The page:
Fallbrook, Codexis and Tesla have such wildly different business models and products, that it’s hard to even make comparisons between them. But that’s the problem — investors will make the green connection and weak IPOs could effect the entire spectrum. The real question is if there’s a run of poor IPOs from these firms, how will it affect an IPO from a profitable and revenue-generating company like Silver Spring Networks?

For related articles on GigaOM Pro (subscription required):

Cleantech Was a Market Leader in Q4

In Q3, Uncle Sam Was the Green IT King Maker

Second Quarter 2009 in Review: Green IT

Image courtesy of jtyerse’s photostream Flickr Creative Commons.


Here at the Department of Energy’s first ARPA-E Summit, which was created around the $400 million in grants that the DOE is giving out to early-stage clean power startups, there’s the “haves” and the “have nots.” The “haves” are the for… Continue reading


Clean Power Prospecting: 3TIER Builds Out Online Energy Tool

by Josie Garthwaite on February 15, 2010

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3TIER, a startup based in Seattle, Wash., has a deceptively simple goal: Help accelerate renewable energy projects by providing access to reliable information. To do that, the company has just launched a new online “prospecting” tool, which lets us… Continue reading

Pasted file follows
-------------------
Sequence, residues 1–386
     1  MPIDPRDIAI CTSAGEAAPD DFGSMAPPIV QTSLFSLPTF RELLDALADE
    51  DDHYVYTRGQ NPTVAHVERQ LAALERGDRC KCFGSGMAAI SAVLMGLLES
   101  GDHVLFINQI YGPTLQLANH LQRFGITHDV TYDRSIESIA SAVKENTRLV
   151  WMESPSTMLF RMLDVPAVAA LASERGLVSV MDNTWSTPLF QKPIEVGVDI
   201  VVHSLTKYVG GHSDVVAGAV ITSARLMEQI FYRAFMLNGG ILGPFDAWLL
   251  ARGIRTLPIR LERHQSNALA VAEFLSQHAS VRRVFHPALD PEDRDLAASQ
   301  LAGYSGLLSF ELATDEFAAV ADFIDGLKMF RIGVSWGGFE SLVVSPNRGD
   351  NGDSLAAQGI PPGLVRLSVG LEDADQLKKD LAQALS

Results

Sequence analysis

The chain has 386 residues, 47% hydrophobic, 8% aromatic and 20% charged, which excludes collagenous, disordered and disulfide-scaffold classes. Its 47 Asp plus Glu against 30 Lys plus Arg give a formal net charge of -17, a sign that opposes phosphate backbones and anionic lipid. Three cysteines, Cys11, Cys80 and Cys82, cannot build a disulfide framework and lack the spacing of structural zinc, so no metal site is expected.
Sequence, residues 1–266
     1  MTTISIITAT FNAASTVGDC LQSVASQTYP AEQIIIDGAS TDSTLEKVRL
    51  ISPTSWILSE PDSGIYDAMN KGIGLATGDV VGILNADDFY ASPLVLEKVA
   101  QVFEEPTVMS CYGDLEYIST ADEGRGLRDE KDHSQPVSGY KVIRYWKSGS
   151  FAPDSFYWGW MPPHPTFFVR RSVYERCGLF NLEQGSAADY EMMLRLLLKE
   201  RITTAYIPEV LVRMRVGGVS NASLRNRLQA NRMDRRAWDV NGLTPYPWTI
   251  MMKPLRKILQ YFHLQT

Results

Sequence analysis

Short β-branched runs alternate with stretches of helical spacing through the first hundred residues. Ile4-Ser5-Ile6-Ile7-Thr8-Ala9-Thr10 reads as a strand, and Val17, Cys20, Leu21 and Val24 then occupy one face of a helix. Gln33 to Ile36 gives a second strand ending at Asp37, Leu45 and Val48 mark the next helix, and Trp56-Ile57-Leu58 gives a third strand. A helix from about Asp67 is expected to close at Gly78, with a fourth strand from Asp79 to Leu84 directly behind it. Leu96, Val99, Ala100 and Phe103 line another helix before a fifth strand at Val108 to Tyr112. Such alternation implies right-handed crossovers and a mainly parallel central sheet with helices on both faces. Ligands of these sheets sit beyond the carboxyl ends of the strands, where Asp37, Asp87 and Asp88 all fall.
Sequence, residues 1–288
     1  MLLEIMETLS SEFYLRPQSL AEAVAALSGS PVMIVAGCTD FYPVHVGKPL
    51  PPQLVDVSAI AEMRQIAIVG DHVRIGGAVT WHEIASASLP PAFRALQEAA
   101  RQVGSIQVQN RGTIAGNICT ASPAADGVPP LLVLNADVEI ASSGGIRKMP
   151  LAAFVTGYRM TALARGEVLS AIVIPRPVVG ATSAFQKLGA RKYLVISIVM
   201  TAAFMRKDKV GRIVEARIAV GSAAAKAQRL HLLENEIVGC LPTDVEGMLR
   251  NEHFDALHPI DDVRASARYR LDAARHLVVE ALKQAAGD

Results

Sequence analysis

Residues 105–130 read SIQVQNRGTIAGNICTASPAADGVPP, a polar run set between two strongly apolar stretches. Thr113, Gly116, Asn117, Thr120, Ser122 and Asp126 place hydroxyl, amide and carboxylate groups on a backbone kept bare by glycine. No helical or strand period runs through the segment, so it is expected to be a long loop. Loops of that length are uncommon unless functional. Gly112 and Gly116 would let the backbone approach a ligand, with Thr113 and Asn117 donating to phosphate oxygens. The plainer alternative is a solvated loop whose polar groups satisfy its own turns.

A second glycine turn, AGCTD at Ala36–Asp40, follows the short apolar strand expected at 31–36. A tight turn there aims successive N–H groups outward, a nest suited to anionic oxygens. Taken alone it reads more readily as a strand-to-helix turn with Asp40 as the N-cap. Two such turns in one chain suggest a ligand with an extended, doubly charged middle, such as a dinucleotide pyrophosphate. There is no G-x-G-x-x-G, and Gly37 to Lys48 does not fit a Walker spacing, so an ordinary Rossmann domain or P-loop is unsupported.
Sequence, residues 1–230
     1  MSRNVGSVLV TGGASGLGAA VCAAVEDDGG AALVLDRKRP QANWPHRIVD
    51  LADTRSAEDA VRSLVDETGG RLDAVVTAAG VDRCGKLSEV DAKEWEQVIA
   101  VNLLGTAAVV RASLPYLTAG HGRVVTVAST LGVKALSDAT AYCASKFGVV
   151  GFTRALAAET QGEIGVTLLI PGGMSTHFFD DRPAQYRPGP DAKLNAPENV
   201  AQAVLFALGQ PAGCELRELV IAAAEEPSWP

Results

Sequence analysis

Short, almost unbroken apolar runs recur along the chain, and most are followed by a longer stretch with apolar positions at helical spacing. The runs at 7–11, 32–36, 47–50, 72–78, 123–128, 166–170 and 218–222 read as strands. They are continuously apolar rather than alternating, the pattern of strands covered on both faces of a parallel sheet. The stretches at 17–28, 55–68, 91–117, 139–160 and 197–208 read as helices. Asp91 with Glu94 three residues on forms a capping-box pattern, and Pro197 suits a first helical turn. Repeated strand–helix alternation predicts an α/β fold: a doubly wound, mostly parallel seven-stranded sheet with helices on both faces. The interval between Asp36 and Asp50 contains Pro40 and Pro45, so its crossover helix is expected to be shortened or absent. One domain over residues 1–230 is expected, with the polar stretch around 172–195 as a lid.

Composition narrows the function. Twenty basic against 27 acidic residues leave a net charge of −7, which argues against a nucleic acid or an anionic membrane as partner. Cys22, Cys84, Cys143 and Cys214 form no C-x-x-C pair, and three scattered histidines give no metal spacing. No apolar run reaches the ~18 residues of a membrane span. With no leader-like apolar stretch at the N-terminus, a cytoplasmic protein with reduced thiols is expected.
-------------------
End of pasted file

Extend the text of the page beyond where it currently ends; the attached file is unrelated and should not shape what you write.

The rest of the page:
From Spandex to Solar: DuPont Poised for PV Growth

by Jennifer Kho on February 14, 2010

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Look at a solar panel and you might think of its manufacturer or installer, or maybe – if you’re a true solar geek – the company that made the cells inside the panel. But when Marc Doyle, global business director for DuPont Photovoltaic Solutions… Continue reading


1BOG Bags $5M for Collective Solar Bargaining

by Josie Garthwaite on February 11, 2010

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Get yer solar — cheap! — by teaming up with neighbors and bargaining collectively with installers. That’s the service offered by San Francisco-based startup One Block Off the Grid, or 1BOG, which has just raised $5 million in its first round of v… Continue reading


Blue light special on solar startups. This morning there’s news of two more acquisitions in the solar space, following on the heels of French nuclear giant Areva on Monday announcing it will snap up solar thermal startup Ausra. Solar panel maker and … Continue reading